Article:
Expectant Useful Life of Your Rentals Building Elements
For residential tenancies in British Columbia, there is a Residential Tenancy Policy Guideline pertaining to the expectant useful life of your rentals building elements – which includes components and fixtures. But what does this mean? The Policy describes the Useful Life as the expected lifetime or the acceptable period of use of an item under normal circumstances.
This Useful Life of Building Elements Guideline can be helpful in determining when an item may need to be replaced (rather than repaired), and may also assist when calculating a tenant’s responsibility for the cost of replacement.
The useful life of your rentals building elements
As an example, if a tenant moves into a home and the carpets are 8 years old (with a useful life of 10 years) the Tenant likely couldn’t be charged for the full cost of replacement at the end of the tenancy since there were only 2 years of useful life left when the tenant moved in. In this example, the tenant may only be responsible for 20% of the replacement cost (and only in the event the damage caused by the tenant exceeds reasonable wear and tear).
As a Landlord, there are times you have to weigh whether or not it makes sense to spend money on a costly repair, if the useful life is just about over. Why spend $200 or more on a repair, if you’re going to need to replace it in a few months? Sometimes it just isn’t practical, especially if you know you’re likely to face replacement in a relatively short period of time. You may as well use that money now, towards the cost of replacement but that’s a decision each Landlord has to make based on their own current situation.
[su_pullquote align=”right”]Useful Life as the expected lifetime or the acceptable period of use of an item under normal circumstances.[/su_pullquote]
Replaceable components useful life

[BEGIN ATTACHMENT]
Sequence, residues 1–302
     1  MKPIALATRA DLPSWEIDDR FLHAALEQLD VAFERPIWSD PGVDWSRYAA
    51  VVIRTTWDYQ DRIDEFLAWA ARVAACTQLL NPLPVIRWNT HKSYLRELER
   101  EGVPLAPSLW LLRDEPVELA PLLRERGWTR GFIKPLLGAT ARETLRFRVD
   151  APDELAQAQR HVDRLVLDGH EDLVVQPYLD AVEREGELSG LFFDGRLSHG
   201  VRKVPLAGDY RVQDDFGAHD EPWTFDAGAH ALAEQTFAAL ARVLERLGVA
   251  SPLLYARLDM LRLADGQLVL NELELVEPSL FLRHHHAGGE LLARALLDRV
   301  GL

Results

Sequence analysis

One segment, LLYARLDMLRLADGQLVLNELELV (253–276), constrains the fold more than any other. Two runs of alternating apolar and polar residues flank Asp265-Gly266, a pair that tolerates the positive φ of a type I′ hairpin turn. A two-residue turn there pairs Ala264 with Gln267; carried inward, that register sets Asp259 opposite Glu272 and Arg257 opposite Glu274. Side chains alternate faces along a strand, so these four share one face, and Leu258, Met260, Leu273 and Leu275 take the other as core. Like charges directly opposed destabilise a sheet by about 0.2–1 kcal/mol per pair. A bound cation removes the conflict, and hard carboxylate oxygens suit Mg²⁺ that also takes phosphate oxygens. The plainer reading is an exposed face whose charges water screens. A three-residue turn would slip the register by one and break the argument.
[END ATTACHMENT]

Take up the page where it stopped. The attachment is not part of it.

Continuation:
Let’s just take a look at a few other items inside a rental unit, to give you an idea of some of the other expectancies useful life of your rentals building elements for fairly common items.
As noted above, carpets should normally last about 10 years. Other items in this category include things like tile floors, dishwashers, drapes, venetian blinds, and domestic hot water heaters. With a 15 year useful life, you’ll find items such as washers, dryers, fridges, stoves, faucets and light fixtures, among others.
Tubs, toilets, sinks and hardwood floors would be examples of components with a useful life of 20 years, while cabinets and counters in bathrooms and kitchens can be expected to have a life of 25 years.
All of these examples are based on reasonable use, under normal circumstances but the life span of any component can be greatly reduced in the event they are misused or damaged by a tenant. Regular inspections of the home will help you with monitoring the condition and allow you to plan for any eventual replacements which may be needed, whether at the end of the anticipated life span or earlier.
Useful life of building elements guideline
The above list is not a comprehensive list by any means, but rather is a small sample of some of the most common components. For the complete Guideline Policy, click here, select the Tools & Resources tab and click on Policy Guidelines. This will give you the complete guideline, as well as the list of almost every item you can think of.
If you have questions regarding an item which is not on the list, you can always call the Residential Tenancy Office at 1-800-665-8779 for clarification.[su_divider]